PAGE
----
Botswana — deep in Africa
Botswana is deep Africa. The land is vast and the population density is low. Animals roam freely and grasses stretch high above your head. The sun feels close and palpable — the heat flattens you and then cooks you while you sleep.
You get the feeling that nature has reigned here for a long time. The Kalahari desert is old and wise and massive Baobab trees can grow thousands of years old.
In true African form, Botswana is rich in wildlife, national parks, tribal peoples, insects you could trip over, and cultural idiosyncrasies.
There are Foot and Mouth checkpoints at the border and along rural, two-lane highways. You are only free to pass after you get out of your car and dip the shoes you are wearing, plus one extra pair, into a tray containing a filthy liquid and a deteriorating towel.
And there are new creatures to be mindful of. We were warned to check for snakes before breaking down our tents in the morning. Apparently they like to burrow under at night and we don’t want to kneel on them or pack them when we roll our tents. Scorpions have also been added to the mix.
We took a cruise down Chobe River and got up close to a 59 year old, 10 foot crocodile, a 3 month old, 9 inch crocodile with big aspirations, and many hippos. Their backs were all streaked by scars from past attacks — a reminder that the wild isn’t such a friendly place.
We took Mokoros, traditional canoes made from dugout tree trunks, through the waters of the Okavango Delta. One small man or woman stood at the back of each boat with the arduous job of pushing and steering with a tall wooden pole.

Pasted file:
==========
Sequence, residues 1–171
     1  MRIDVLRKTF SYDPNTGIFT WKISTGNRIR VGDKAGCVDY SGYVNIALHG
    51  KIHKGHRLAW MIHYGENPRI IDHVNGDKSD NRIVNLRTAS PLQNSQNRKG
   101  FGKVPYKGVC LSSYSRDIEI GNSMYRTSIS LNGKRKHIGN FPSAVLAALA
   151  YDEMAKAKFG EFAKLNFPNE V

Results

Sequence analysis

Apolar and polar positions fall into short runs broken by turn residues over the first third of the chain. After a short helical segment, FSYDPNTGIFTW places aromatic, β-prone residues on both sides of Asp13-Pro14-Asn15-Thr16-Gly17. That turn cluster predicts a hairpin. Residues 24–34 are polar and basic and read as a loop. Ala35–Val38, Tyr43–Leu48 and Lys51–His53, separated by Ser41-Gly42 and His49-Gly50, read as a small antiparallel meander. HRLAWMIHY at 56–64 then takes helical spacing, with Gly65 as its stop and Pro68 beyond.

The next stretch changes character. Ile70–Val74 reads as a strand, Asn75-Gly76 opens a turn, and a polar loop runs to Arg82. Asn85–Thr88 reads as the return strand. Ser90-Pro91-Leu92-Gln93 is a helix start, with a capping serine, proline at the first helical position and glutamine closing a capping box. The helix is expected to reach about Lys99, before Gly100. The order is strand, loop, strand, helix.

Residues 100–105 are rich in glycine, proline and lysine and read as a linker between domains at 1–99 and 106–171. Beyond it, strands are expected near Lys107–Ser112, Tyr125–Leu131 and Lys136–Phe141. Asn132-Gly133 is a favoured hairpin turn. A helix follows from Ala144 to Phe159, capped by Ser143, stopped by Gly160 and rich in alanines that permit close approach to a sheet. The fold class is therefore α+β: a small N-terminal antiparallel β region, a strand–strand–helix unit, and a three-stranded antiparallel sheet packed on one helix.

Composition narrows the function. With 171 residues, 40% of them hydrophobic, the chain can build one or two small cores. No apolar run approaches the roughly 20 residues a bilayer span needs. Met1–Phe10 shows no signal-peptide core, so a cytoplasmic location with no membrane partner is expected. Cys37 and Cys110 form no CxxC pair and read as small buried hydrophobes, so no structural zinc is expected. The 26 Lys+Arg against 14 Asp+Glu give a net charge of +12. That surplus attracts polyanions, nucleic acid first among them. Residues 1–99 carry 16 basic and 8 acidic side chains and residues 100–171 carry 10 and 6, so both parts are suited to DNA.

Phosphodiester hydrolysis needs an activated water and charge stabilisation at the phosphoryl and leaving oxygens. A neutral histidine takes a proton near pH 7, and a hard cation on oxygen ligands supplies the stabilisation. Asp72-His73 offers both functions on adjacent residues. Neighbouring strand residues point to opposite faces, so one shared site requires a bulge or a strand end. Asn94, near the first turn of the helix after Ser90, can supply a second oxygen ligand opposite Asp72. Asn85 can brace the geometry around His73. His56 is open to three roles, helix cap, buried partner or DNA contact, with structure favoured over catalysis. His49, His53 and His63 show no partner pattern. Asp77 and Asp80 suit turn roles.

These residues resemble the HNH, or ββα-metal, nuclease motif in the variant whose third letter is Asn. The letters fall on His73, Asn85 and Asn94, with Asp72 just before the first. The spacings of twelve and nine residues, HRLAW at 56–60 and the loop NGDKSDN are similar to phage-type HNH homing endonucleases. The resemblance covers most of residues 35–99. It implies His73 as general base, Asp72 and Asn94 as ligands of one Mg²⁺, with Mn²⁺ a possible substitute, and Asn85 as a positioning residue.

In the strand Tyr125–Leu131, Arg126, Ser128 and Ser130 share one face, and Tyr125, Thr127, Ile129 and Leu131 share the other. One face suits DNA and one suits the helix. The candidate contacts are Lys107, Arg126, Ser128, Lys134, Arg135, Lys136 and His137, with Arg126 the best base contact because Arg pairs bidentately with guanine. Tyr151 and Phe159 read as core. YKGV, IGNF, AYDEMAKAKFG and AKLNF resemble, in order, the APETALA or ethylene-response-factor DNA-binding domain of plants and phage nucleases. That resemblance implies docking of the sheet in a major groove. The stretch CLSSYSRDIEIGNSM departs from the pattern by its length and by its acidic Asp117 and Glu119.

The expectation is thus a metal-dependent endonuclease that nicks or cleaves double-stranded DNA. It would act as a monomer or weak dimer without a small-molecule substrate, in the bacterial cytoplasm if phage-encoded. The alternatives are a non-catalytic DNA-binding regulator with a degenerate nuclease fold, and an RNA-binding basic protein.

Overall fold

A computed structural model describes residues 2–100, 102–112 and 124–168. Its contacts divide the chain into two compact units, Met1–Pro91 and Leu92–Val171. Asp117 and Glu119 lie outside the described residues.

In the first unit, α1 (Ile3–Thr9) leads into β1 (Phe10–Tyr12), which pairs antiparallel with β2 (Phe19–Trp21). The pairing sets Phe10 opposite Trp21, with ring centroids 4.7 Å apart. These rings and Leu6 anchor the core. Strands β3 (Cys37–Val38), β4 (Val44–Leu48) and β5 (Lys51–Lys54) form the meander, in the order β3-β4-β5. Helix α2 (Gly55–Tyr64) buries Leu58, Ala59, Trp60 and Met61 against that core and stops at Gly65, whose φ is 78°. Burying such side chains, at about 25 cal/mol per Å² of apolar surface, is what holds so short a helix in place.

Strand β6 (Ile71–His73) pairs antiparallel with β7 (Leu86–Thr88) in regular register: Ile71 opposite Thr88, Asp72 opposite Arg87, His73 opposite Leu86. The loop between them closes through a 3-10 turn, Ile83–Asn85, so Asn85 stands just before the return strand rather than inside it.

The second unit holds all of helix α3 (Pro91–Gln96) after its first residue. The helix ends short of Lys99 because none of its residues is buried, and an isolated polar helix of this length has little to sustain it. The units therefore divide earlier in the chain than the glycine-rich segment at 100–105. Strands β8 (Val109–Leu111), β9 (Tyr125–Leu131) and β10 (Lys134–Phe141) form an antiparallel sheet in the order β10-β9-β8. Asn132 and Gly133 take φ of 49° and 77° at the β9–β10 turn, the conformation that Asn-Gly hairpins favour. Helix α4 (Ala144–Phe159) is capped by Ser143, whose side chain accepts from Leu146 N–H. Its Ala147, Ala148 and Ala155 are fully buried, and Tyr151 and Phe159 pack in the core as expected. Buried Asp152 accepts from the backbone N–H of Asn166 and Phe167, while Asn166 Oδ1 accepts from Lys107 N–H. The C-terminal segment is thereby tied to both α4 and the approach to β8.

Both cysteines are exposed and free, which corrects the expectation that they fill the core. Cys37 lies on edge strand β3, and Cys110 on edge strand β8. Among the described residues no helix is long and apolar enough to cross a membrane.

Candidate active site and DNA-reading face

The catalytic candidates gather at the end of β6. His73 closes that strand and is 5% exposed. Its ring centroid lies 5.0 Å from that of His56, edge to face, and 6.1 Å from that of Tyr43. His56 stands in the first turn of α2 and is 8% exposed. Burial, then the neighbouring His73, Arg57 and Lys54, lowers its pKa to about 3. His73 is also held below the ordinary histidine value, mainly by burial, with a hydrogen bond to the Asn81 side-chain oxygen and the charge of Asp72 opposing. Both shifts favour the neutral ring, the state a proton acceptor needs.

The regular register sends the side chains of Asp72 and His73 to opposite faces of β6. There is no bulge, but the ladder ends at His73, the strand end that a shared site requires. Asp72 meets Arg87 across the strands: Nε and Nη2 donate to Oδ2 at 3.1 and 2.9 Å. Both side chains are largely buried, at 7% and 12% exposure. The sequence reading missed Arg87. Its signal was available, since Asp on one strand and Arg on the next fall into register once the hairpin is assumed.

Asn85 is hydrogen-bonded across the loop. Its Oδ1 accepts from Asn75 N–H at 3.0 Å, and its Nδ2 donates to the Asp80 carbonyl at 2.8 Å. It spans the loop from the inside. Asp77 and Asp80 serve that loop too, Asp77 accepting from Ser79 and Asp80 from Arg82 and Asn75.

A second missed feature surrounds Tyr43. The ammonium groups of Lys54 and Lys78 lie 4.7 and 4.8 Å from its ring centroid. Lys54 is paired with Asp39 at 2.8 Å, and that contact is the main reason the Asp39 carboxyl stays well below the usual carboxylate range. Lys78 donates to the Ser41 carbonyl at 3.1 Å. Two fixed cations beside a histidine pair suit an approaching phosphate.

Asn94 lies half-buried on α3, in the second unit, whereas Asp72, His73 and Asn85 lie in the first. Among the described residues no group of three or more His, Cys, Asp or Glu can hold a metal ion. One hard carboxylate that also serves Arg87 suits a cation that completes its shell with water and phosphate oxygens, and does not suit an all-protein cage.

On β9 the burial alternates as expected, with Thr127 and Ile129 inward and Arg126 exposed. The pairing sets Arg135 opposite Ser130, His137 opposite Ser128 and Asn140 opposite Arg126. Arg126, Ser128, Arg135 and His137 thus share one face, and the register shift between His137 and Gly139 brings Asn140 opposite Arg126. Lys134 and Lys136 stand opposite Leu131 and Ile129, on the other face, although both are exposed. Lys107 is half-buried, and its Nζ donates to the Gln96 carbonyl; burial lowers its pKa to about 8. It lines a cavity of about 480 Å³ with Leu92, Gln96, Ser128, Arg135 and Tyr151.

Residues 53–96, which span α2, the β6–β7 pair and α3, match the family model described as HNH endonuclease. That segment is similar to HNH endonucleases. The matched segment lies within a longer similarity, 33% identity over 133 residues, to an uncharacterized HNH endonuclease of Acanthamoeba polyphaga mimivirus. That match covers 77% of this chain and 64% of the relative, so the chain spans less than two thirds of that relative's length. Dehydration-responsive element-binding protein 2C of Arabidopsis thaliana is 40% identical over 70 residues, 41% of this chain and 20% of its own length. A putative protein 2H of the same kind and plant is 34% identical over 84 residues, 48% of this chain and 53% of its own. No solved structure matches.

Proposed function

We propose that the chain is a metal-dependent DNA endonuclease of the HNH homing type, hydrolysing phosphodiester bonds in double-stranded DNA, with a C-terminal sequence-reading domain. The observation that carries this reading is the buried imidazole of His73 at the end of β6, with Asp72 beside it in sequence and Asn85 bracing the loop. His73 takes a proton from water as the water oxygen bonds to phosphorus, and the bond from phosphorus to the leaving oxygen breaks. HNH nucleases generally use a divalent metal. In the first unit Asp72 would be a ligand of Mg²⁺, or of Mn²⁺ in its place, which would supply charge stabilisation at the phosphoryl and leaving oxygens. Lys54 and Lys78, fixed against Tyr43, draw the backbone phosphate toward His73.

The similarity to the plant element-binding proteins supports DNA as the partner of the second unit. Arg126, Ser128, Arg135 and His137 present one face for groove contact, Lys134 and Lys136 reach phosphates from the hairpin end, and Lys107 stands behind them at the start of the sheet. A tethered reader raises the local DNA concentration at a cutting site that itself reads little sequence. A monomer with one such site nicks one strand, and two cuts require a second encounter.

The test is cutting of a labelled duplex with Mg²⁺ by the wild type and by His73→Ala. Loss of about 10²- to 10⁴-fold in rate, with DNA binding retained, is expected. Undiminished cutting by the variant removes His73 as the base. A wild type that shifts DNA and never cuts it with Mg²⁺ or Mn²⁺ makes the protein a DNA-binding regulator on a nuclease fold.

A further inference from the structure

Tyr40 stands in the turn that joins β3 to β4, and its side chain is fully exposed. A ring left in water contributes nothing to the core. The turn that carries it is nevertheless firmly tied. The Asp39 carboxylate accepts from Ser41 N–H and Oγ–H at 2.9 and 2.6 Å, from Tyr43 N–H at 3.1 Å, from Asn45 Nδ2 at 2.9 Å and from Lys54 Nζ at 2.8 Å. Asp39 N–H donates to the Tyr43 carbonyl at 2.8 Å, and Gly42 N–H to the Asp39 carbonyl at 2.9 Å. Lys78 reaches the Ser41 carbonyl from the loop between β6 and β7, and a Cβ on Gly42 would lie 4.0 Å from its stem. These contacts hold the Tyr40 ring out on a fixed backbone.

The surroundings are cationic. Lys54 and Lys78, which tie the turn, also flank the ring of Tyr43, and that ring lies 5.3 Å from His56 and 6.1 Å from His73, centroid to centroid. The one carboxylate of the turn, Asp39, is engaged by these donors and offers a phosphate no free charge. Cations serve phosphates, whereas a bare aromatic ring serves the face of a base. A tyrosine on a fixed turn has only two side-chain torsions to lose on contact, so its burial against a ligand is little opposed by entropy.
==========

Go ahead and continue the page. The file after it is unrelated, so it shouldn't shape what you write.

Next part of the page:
We sat in stillness to maintain balance as we snaked our way through small, shallow channels thick with reeds and water lilies to set up camp on a small uninhabited island.
Further west, we met four members of the Khoisan tribe. They carried bows & arrows and dressed in animal hides like replicas in a natural history museum. They speak a mesmerizing clicking language, so a translator helped them tell us about their lives. Learning about their culture is like flipping back the pages of time.
The Khoisan people have an incredibly symbiotic relationship with nature. The men hunt for meat but they don’t go for animals in their prime, only the ones who have lived and bred and are deemed ready to feed the community. The women have an intimate knowledge of herbal medicine — which leaves treat liver problems and which roots are good for toothaches. Elephant dung is burned for mosquito repellent.
They drank rain water from hollowed out ostrich eggs and easily made fire from two small sticks.
I joked that I could never make fire, but I can make a mean s’more. Clearly American upbringing focuses on the important things.
Turns out, no one in my group knew what s’mores were. I need to give them a good, old fashioned American education in adding sugar & sugar to sugar.
I’ve been looking for a way to travel with a positive social impact. Maybe this is it.